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Sports controversies have filled the headlines over the past year, from the Miami Dolphins bullying case to racist comments by the Atlanta Hawks’ leadership to questions about the NCAA.
Are we seeing a new low in owners’ and players’ behavior? According to Wharton legal studies professor Kenneth L. Shropshire, these types of behaviors are not new — what is relatively new is the ability to capture these moments on video or to share these stories on mainstream or social media, from a recording of LA Clippers owner Donald Sterling sharing racist comments to a video of the Baltimore Ravens’ Ray Rice assaulting his then-fiancée in an elevator. The greater visibility, Shropshire argues, provides us with an opportunity to address these leadership challenges head on.
Shropshire recently spoke with Knowledge@Wharton about his new book, published by Wharton Digital Press, which addresses these and other issues, Sport Matters: Leadership, Power, and the Quest for Respect in Sports. (Listen to the podcast at the top of this page.)
An edited transcript of the conversation follows.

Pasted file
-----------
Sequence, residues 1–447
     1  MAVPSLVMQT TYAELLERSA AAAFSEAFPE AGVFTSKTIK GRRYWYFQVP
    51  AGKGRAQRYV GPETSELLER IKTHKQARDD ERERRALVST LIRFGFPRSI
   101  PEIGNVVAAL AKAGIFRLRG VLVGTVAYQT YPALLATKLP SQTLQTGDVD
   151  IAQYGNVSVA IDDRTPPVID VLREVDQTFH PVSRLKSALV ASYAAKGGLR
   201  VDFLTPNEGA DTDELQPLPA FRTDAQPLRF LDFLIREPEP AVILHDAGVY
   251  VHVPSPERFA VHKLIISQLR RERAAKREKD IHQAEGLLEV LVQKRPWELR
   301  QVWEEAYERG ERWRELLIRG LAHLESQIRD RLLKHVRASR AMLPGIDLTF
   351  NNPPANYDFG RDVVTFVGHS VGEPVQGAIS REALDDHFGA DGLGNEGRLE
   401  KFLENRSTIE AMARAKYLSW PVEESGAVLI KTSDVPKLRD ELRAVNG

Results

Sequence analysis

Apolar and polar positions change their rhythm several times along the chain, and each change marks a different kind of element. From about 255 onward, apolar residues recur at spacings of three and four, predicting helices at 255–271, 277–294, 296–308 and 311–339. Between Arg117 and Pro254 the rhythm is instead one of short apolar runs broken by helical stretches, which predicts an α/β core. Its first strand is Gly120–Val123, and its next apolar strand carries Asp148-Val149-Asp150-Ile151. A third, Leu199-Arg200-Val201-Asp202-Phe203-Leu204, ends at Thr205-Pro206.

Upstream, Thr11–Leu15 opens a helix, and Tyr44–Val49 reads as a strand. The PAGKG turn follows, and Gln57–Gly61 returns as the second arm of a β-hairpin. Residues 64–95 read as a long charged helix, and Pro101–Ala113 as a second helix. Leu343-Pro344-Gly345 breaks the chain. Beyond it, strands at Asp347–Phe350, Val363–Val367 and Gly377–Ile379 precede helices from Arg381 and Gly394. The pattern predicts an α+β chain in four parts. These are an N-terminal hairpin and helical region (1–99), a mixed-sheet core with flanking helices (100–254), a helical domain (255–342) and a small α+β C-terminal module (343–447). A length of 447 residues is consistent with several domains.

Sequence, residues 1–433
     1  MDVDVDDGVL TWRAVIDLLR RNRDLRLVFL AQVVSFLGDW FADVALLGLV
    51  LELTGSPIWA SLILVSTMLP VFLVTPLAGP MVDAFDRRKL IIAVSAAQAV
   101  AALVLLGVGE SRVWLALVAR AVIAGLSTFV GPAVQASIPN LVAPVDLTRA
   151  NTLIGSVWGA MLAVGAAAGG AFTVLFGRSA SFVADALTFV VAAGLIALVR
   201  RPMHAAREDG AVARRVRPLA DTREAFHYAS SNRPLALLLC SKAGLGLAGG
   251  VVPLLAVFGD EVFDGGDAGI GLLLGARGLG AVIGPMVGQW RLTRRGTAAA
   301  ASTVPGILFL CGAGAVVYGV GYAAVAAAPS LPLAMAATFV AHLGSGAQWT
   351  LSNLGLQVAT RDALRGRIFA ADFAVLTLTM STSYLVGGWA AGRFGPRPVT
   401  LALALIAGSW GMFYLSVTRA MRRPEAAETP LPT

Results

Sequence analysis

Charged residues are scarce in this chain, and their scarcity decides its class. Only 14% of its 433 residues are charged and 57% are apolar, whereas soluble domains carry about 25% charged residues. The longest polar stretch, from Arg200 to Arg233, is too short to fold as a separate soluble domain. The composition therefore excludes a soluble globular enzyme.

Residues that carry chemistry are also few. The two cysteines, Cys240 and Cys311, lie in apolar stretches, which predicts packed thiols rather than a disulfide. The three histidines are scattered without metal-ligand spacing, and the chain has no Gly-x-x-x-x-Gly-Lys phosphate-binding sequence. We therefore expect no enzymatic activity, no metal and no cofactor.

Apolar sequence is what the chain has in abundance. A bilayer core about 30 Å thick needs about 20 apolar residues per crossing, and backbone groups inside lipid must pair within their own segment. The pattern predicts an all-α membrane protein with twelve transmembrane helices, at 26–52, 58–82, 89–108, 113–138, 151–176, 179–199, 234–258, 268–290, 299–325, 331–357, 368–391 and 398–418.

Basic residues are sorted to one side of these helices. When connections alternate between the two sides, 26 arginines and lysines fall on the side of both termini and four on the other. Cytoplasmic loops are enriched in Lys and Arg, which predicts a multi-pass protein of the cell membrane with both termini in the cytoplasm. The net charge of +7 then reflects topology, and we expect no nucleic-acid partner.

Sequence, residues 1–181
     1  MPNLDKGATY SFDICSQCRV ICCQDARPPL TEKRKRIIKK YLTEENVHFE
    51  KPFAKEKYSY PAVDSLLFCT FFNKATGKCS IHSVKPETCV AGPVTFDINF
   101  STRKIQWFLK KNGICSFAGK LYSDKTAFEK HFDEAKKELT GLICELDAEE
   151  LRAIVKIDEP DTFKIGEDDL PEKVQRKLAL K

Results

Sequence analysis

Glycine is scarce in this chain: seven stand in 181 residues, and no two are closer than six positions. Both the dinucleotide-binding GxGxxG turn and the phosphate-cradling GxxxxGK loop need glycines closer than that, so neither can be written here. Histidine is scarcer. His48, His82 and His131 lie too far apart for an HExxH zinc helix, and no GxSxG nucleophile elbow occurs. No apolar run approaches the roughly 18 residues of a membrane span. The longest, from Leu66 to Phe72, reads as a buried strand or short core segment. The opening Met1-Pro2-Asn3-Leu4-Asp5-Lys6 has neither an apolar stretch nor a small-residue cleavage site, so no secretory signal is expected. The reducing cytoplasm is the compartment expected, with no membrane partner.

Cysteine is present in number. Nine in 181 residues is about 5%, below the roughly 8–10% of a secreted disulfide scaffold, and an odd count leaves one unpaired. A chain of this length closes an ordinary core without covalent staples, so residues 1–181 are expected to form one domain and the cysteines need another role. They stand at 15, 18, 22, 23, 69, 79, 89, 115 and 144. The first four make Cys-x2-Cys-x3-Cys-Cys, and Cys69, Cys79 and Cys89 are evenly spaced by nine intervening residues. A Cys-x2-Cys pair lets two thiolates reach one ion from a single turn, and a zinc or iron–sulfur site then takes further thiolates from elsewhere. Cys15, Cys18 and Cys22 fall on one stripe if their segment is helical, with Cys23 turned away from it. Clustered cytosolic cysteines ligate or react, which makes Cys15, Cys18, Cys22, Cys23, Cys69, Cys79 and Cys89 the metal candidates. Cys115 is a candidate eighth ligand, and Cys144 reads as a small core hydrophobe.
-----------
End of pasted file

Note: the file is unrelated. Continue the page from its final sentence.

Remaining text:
Knowledge@Wharton: There has been a rash of incidents involving all of the sports industry where we have seen a loss of respect. That is something that you talk a lot about in Sport Matters.
Kenneth L. Shropshire: It is incredible…. [This] whole issue of integrity and respect — all the important issues that we think about outside of sport and we really think sport should project most positively. This has been a pretty dramatic year.
Knowledge@Wharton: What has it been that has really changed within the fabric of sports that has contributed to this grand change in how people respect the games—or do not respect the games—at the professional level, at the college level and even at the Little League level?
Shropshire: The short answer might be money and … the striving for success. More deeply, what has brought this to our attention is how easy it is to get information out. If you think about Donald Sterling, the Atlanta Hawks owner [Bruce Levenson,] Ray Rice, the incidents have been exposed in a way that we never saw before. Historically, Babe Ruth and Lou Gehrig may have been up to a lot of things, but we did not know about it. It is [the media] that has revealed this huge respect—or lack of respect—issue that occurs in so many levels of sport.
Knowledge@Wharton: One of the cases that you discuss in the book involves the Miami Dolphins and their hazing case, which is interesting because you spent time with the Dolphins talking with them about what happened and how they can effect change within their organization.